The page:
: Clear Need for 802.11g">
WLAN vendors said they see a clear need for 802.11g.
"We believe that the upcoming products that [include 802.11g] are going to be important," said Bruce Claflin, CEO of 3Com, in Santa Clara, Calif., which sells access points and WLAN PC Cards. "But for the home office and [small- and midsize-business] market, were really going to drive [802.11g]."
In addition to its compatibility with 802.11b, 802.11g has a better range than 802.11a, making it a better option for the home office user who wants to buy only one access point. It also travels better through walls than 802.11as 5GHz band—not to mention commodities brokers.
"5GHz doesnt go through people as well ... and we have a lot of people crammed into a room," said Jeff Komarek, IT manager at the Chicago Board of Trade, who has been testing WLAN products.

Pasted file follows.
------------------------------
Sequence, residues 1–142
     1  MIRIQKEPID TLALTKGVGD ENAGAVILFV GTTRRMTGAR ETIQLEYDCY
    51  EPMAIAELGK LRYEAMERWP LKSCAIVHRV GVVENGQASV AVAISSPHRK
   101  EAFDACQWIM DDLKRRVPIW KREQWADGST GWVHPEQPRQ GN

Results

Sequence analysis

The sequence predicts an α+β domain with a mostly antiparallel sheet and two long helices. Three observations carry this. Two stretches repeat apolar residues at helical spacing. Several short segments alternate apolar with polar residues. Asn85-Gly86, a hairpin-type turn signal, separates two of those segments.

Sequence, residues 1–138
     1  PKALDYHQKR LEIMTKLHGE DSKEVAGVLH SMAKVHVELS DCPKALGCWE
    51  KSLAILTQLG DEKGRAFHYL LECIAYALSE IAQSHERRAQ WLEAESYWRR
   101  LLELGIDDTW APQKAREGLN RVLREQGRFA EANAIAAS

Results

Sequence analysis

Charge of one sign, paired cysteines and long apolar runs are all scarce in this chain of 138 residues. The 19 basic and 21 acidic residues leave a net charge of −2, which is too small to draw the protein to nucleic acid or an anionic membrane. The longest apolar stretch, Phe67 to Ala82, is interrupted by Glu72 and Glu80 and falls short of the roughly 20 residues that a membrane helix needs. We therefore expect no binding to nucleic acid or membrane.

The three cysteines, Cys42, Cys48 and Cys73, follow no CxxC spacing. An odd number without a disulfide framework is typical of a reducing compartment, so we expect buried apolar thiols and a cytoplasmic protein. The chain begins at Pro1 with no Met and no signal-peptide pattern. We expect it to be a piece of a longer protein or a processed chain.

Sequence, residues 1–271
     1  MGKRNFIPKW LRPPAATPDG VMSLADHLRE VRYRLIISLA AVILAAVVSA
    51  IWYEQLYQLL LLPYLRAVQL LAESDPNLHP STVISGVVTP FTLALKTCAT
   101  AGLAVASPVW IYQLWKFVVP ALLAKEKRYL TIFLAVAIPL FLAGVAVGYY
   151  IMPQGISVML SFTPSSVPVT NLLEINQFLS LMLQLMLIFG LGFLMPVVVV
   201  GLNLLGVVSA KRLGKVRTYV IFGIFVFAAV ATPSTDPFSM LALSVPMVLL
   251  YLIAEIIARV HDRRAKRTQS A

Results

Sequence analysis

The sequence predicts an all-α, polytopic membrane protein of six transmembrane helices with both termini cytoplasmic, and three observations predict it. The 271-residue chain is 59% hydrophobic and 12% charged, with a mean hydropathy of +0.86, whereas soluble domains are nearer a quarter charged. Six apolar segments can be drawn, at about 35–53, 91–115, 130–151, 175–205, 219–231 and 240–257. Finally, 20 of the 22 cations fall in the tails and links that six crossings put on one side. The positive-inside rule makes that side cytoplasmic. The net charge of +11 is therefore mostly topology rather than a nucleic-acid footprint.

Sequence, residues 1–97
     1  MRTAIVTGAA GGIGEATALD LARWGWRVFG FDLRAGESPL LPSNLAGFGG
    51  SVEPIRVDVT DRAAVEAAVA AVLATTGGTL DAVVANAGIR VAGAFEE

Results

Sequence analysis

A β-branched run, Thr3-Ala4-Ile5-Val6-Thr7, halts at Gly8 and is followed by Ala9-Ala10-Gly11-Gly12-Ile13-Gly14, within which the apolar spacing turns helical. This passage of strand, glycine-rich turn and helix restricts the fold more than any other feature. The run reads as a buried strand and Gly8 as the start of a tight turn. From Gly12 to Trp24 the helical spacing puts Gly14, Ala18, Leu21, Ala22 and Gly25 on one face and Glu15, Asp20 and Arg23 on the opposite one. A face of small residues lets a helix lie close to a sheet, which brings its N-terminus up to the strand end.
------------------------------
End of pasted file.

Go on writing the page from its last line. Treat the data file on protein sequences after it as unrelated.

Perhaps 802.11gs biggest drawback is its unofficial status. The IEEE had expected to ratify the specification by January 2003, but that has slipped to March at the earliest.
Insiders say component makers, such as TI, are delaying the process in an effort to push proprietary products, a claim TI officials deny. Some companies are developing interim solutions.
Atheros, the first company to sell 802.11a chip sets, reported that by September, several licensees will be selling multimode access points and PC Cards that include its "pre-standard 802.11g" technology.
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